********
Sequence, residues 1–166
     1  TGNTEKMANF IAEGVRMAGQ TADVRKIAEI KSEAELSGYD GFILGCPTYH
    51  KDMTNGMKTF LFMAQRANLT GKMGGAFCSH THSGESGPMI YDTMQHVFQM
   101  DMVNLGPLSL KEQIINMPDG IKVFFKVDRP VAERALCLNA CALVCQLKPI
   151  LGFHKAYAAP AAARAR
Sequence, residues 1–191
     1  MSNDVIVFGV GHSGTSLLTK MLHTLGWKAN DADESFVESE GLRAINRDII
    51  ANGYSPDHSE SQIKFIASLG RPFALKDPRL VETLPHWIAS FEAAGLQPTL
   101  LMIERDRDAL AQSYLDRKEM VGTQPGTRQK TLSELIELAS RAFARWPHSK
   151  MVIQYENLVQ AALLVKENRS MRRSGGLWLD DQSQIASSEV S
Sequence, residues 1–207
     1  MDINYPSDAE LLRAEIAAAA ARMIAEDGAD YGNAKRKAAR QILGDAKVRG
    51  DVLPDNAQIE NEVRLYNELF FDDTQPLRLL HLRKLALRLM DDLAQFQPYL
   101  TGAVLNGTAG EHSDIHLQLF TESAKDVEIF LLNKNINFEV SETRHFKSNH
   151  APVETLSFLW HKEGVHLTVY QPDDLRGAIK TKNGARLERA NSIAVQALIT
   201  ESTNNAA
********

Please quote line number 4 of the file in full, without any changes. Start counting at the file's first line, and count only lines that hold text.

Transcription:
   101  DMVNLGPLSL KEQIINMPDG IKVFFKVDRP VAERALCLNA CALVCQLKPI